Both common sense and the established planning rules are stretched to the breaking point by the claim that these deviations from current standards can be done legitimately on very large areas by means of project-specific, non-significant forest plan amendments. First, the treatments, as proposed, could not be done at all without deviation from current diameter and canopy cover standards. Second, this is not really a “project-level” decision, because the proposed treatments, if done, would require the individual implementation of many different projects over a considerable time period on large parts of the affected Forests. In truth the required deviations are very significant, because they go right to the core of standards and guidelines that have been the subject, for more than ten years, of repeated, very expensive, and universally unsuccessful efforts to formulate permanent California Spotted Owl Sierran Province Guidelines.
f. The Study, as now proposed, does not provide sufficient assurance that funding and other resources intended for implementation of the HFQLG Pilot Project would be protected from diversion to support the Study. It appears from the 2001 Forest Service Report to Congress on Pilot Project implementation, that about two percent of the HFQLG budget was spent in preparation for the Administrative Study. We have questioned whether those expenditures were strictly for Pilot Project implementation, or were in part for other Study purposes, and have not received a satisfactory explanation. These questions are of even greater significance regarding expenditures in FY 2002 and beyond.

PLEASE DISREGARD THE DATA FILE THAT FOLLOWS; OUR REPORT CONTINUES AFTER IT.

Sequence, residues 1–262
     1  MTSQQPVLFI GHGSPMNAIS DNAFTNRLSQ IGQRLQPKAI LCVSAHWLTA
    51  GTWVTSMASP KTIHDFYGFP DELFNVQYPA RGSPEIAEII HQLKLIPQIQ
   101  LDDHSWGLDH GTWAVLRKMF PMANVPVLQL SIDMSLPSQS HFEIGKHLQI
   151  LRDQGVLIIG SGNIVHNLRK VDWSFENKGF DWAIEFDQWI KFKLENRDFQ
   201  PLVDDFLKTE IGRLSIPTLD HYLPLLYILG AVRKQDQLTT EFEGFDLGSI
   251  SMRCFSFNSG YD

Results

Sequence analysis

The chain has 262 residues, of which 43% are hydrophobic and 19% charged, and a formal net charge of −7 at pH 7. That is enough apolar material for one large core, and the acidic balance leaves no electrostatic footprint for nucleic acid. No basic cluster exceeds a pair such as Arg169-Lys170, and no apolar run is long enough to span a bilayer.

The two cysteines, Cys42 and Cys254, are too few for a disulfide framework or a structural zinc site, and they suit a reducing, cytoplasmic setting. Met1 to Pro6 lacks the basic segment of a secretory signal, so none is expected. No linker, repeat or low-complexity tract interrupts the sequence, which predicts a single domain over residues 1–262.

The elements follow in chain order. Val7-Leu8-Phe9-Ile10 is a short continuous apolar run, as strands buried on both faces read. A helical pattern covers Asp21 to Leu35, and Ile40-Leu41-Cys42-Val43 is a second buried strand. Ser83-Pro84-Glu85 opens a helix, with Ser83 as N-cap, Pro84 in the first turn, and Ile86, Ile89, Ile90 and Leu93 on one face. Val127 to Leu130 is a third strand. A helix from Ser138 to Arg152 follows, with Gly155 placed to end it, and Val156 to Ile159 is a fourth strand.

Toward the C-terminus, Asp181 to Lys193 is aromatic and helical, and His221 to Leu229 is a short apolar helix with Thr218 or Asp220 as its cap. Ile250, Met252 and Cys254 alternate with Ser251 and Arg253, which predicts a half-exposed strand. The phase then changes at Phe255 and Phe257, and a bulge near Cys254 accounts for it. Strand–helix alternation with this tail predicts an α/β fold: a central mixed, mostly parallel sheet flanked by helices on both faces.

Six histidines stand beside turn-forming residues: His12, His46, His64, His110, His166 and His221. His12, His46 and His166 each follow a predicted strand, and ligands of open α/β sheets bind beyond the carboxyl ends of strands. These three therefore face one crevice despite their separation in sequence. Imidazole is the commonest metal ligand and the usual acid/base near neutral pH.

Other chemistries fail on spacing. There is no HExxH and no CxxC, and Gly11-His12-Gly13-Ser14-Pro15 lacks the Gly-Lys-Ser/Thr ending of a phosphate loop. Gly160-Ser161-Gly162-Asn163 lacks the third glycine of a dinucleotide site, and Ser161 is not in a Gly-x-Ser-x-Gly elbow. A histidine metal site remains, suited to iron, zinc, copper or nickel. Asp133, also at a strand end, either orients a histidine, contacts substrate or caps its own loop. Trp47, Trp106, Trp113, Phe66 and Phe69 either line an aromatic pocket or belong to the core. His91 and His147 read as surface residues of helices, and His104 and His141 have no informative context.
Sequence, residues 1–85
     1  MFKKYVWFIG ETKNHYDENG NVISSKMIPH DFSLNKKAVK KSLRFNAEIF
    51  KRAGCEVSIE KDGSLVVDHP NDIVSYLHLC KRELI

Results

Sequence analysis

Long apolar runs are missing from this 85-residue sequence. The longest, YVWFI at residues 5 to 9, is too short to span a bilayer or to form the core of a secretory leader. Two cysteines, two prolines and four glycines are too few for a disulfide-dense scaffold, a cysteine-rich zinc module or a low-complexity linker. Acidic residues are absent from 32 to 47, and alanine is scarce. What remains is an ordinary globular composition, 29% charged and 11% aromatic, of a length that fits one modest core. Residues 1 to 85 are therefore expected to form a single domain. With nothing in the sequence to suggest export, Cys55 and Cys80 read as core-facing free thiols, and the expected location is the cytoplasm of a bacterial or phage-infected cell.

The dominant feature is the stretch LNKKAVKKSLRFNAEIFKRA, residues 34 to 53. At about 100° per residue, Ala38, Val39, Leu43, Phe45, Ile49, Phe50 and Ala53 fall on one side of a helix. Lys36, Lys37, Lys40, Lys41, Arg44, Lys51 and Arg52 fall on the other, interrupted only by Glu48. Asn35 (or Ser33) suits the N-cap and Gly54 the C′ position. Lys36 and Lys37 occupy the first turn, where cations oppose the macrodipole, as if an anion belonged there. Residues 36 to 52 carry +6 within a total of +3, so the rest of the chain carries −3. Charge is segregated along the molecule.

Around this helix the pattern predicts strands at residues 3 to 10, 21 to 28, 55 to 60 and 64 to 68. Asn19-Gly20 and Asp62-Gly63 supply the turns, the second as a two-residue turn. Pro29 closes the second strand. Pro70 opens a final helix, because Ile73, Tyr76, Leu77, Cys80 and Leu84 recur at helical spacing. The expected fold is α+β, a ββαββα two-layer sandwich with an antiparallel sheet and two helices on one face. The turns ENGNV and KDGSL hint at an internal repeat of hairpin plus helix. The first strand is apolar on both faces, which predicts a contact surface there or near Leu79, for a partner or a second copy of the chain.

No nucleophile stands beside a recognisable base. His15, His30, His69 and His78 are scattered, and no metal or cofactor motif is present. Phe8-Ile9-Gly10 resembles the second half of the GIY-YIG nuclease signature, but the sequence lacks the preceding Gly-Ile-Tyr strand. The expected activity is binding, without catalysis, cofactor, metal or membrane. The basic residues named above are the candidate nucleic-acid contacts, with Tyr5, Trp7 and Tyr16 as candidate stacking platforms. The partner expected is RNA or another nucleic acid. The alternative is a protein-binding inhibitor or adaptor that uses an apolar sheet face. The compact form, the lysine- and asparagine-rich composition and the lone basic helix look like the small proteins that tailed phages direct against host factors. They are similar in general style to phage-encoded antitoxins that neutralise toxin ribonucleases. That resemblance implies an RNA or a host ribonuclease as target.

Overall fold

If a study is to be conducted simultaneously with Pilot Project implementation, the study plan must define, require, implement, and report upon some strict and effective processes to prevent redirection or diversion of HFQLG resources.
g. The Study is misrepresented as an “administrative study” when in fact it is a “research study,” according to any reasonable comparison of Forest Service Manual section 1991 (Administrative Studies) and section 4000 (Research Studies). This is not consistent with the agency's obligation under NEPA and other regulations, to provide accurate information to the public on its proposed actions.
4. Other deficiencies of the Proposed Action.
a. No provision is made for effective fuel reduction in Defense Zones and Threat Zones of the Wildland Urban Interface. Instead of the different treatment levels for the WUI that are provided in the SNFPA ROD, the same prescription would be applied to all DFPZs in a Treatment Unit, including those in the WUI.
b. The Proposed Action dated December 10, 2002, does not agree with the list of Projects that would be implemented in each Treatment Unit according to the file “99_to_07_projects” posted in early December on the Forest Service's HFQLG web site. The differences are not trivial. For example, the total DFPZ acreage planned for implementation in the 11 Treatment Units is said to be about 49 thousand acres in the Proposed Action (Table 2, pg 17), but is said to be about 71 thousand acres in the project summary. Which is right? How can the public make informed comments on the Proposed Action when the Forest Service publishes two quite different action plans within a few days of each other?